Our findings can be summarised as follows. In terms of median values, the FCR is estimated to be approximately 10, indicating that the fixed costs for FDI are approximately ten times higher than those for exports. Furthermore, these median values decline over time. In addition, relatively large values can be found in the chemical, general machinery, and transport equipment industries. By region, African countries have the highest median values.

In the next step, we empirically examine the determinants of the calculated FCR by regressing the FCR on various observable variables. According to the results, RTAs have negative and statistically significant effects on FCR, implying that RTAs decrease fixed costs for FDI to a greater degree than exports. Quantitatively, RTAs are found to have the effect of lowering the FCR by about 36%. These effects appeared one year after the RTA came into force.

Last, we conduct a simulation analysis assuming an RTA between Japan and China. Based on the regression result above, we reduce the FCR to China by approximately 36%, set tariff rates for all industries in China from Japan to zero, and calculate the ratio of exports to FDI sales using the key equation mentioned above. As shown in Table 1, The RTA between Japan and China is estimated to increase local sales by FDI rather than exports in all industries. Especially, high growth in local sales is expected in leather, office machinery, and precision machinery products. This result indicates that an RTA between Japan and China would incentivise Japanese firms to set up production in China and sell locally rather than exporting from Japan.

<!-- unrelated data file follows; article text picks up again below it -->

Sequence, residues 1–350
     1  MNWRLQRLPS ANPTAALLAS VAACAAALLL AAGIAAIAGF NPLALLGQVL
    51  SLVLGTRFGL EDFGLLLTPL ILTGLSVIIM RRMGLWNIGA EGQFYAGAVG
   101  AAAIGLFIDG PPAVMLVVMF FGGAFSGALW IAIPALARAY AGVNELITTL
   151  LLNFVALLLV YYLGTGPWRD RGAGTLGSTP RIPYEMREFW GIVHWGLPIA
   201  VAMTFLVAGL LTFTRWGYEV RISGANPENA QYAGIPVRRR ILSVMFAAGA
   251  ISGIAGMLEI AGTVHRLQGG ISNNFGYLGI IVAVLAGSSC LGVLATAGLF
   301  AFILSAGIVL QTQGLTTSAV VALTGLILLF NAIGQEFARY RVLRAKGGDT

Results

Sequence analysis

Table 1 Changes in the ratio of exports to FDI sales by Japan in the RTA between Japan and China


Source: Baek and Hayakawa (2022)

These results demonstrate one of the possible mechanisms for the negative effect of RTAs on trade. Note that this analysis does not explain the effect on the absolute value of exports; it only indicates a relative increase in local sales. However, in the case of Japan’s RTA with Singapore, the tariff reductions by Singapore amounted to almost zero. Tariff reductions will also be minimal when concluding additional RTAs with existing RTA partner countries. For example, Japan has four RTAs with Vietnam, including the Japan-Vietnam RTA, ASEAN-Japan Comprehensive Economic Partnership, Comprehensive and Progressive Agreement for Trans-Pacific Partnership (known as CPTPP), and RCEP. In such cases, the trade creation effect of a new RTA through the reduction in tariffs will be trivial. It will induce exporters to switch to investing in the partner countries, decreasing the absolute value of exports.

Editor’s note: The main research on which this column is based (Baek and Hayakawa 2022) first appeared as a Discussion Paper of the Research Institute of Economy, Trade and Industry (RIETI) of Japan.


Baek, Y and K Hayakawa (2022), “Fixed Costs in Exporting and Investing”, Research Institute of Economy, Trade and Industry (RIETI), RIETI Discussion Paper Series 22-E-023.

Beverelli, C, M Boffa and A Keck (2019), “Trade Policy Substitution: Theory and Evidence”, Review of World Economics 155: 755–783.

Helpman, E, M Melitz and S Yeaple (2004), “Export Versus FDI with Heterogeneous Firms”, American Economic Review 94(1): 300–316.

Niu, Z, C Milner, S Gunessee and C Liu (2020), “Are Nontariff Measures and Tariffs Substitutes? Some Panel Data Evidence”, Review of International Economics 28(2): 408–428.

Yamanouchi, K (2019), “Heterogeneous Impacts of Free Trade Agreements: The Case of Japan”, Asian Economic Papers 18(2): 1-20.